- The villages around Bourne, Lincolnshire, England -
TWO HAMLETS south west of Bourne share a history. Toft was referred to as Toftlund in the Domesday Book of 1086, meaning "the plot of land by the grove" and a short climb up from the banks of the River Glen will take you to Lound which may have been the senior of these two places within the Witham-on-the-Hill parish of the middle ages. In the late 12th century, its parochial chapel was surrendered to Bridlington Priory in Yorkshire, who replaced it with a manorial chapel and in 1411 there is mention of it in Bishop Repingdon's Register when it was granted a licence to celebrate mass for a year.
Toft however was probably the larger of the two and in mediaeval times it had a manorial chapel built by Robert, son of Hugh of Tattershall, in the 12th century although 100 years later, the Register of Bishop Oliver Sutton calls it a church. When William Stukeley, the distinguished Lincolnshire antiquarian, visited the site in September 1735, he found the building but it was then being used as a blacksmith's shop.
During the 16th and 17th centuries, the Witham Estate was in the hands of the Harrington family and by 1603, it was owned by William Harrington but he had financial problems, exacerbated by debts handed down from past generations, and in 1625 he sold most of the estate to Robert Johnson for £2,500 and this included the villages of Toft and Lound.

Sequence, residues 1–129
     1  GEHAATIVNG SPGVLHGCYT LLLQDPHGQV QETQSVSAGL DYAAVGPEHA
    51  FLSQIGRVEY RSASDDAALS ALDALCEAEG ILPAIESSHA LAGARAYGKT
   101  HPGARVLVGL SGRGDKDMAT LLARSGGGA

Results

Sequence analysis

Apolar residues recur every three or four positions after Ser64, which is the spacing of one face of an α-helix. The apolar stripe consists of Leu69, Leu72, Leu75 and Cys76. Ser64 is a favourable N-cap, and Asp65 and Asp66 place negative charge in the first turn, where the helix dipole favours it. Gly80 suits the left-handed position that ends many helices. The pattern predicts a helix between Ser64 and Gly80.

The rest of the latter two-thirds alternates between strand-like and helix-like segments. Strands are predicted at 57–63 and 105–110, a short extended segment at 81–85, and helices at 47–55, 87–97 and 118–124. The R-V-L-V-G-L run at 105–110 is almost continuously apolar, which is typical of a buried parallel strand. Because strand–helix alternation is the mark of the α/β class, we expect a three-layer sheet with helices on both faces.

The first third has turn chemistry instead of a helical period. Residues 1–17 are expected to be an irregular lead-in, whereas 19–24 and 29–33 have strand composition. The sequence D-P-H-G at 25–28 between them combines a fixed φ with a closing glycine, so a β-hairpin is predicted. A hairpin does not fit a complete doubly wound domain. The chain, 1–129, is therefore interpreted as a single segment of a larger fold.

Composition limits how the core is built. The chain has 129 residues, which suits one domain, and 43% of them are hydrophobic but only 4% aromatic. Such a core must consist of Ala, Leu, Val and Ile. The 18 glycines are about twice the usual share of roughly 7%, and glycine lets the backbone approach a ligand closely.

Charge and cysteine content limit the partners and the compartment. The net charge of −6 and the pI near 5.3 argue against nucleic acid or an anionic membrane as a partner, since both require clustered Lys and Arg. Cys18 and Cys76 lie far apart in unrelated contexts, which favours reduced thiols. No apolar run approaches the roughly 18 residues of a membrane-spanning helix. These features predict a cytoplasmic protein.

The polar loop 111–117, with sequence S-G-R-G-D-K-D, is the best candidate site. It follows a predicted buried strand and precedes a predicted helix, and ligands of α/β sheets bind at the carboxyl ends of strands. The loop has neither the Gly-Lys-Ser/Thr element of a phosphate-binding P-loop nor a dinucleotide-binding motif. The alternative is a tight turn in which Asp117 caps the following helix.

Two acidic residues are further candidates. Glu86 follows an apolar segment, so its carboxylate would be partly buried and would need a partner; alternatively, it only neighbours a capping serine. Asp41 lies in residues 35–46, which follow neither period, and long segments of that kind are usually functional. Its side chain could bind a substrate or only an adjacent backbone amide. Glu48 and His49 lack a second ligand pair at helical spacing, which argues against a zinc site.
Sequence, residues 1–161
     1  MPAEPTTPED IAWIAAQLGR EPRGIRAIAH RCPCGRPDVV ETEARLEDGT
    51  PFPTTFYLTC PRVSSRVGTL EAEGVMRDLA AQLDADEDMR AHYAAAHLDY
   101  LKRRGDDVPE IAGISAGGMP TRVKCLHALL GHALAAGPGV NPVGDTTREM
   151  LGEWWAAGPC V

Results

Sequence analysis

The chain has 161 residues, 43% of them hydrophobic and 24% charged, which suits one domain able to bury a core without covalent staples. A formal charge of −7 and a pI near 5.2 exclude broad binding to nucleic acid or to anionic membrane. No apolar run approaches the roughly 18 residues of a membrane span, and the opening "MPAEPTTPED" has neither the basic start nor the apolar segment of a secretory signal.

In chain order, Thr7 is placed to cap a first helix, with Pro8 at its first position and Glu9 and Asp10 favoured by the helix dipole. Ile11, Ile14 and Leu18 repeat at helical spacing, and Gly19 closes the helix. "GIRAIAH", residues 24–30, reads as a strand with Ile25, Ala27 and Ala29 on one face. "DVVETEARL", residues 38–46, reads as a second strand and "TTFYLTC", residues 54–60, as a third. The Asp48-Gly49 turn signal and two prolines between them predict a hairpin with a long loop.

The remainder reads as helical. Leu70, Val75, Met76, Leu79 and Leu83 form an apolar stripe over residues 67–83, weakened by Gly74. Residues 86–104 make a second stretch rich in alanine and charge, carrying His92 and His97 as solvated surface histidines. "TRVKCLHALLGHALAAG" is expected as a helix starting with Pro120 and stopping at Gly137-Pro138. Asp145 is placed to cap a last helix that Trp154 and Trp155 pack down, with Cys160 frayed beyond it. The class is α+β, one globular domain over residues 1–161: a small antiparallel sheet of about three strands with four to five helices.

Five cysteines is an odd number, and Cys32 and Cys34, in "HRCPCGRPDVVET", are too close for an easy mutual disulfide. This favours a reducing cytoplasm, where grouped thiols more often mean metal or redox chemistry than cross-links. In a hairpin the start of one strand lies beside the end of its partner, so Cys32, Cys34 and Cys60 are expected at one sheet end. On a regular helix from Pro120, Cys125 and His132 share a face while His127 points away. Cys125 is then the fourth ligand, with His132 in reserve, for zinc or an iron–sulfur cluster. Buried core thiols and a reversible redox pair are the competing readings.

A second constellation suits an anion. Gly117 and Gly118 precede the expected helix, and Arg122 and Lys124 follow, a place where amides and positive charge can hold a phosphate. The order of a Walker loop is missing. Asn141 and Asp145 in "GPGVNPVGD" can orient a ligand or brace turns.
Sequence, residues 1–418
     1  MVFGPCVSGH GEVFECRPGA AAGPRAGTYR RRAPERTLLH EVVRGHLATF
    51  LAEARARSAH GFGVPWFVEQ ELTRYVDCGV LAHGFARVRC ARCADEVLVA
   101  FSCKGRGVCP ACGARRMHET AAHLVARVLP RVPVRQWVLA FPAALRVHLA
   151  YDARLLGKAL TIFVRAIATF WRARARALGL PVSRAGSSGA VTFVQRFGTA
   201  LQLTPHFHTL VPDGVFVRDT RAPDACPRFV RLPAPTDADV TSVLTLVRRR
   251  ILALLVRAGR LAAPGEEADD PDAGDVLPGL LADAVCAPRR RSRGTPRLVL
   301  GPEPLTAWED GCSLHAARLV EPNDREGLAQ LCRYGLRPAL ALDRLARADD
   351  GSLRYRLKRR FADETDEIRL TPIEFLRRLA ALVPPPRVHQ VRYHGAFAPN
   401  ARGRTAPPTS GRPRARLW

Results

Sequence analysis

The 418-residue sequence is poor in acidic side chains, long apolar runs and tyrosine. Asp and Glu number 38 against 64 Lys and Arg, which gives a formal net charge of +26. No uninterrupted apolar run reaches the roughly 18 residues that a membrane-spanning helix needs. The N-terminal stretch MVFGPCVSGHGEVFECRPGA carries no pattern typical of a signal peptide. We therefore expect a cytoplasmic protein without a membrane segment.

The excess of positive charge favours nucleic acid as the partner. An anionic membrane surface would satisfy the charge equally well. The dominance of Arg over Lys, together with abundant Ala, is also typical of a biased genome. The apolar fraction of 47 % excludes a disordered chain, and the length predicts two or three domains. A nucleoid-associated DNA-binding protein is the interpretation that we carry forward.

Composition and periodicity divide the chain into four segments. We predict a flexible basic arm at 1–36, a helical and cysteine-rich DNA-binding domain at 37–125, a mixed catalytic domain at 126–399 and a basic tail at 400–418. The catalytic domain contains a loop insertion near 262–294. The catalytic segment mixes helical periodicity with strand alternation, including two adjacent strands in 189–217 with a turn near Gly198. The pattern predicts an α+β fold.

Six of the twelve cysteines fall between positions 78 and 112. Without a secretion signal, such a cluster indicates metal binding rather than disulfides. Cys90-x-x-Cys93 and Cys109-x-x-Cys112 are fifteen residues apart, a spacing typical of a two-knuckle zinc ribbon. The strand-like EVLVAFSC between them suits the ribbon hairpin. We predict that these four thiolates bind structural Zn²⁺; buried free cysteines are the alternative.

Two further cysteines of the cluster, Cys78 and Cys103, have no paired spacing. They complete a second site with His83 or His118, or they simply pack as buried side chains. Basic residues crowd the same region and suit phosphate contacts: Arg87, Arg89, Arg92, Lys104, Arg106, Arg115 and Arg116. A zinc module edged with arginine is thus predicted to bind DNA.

The two hamlets may have seemed quite small by today's standards but in the census of 1851 they had a population of 231 between them and White's 1856 Directory lists a butcher and publican at the Butcher's Arms public house as well as a baker, two shoemakers, a joiner and a plough maker among the trades followed. By 1921, the population had slumped to 125 and only the public house remained as a business occupation.
Today, Toft is noted for its golf for it is now home to one of the best 18-hole courses in South Lincolnshire. It has been suggested locally that there ought to be warning signs for motorists at this point saying "Beware of Golfers" because the links are on one side of the road while the nineteenth hole, practice greens and car park, are on the other and players crossing between the two are regularly encountered. The neatly clipped green sward of the course dotted with trees can be seen adorning the hillside while on the opposite side of the road is the Toft House Hotel (pictured above) that also doubles as the clubhouse where golfers meet to eat and drink after their round. This large stone building with blue slates and tall chimneys, overlooks the centre of the village and was converted from a farmhouse in 1979, having been in possession of the same family for the previous 60 years.
The old beams have been maintained and the refurbishment was carried out using much of the original, attractively textured Ancaster stone, thus ensuring that the building blended in with others in the village. The golf course across the road became operational in the spring of 1988 and is the perfect example of urban leisure combining with rural charm because the appearance of such a large slice of orderly green in this secluded part of the Lincolnshire countryside has certainly enhanced the landscape.
Return to HOME PAGE MAIN INDEX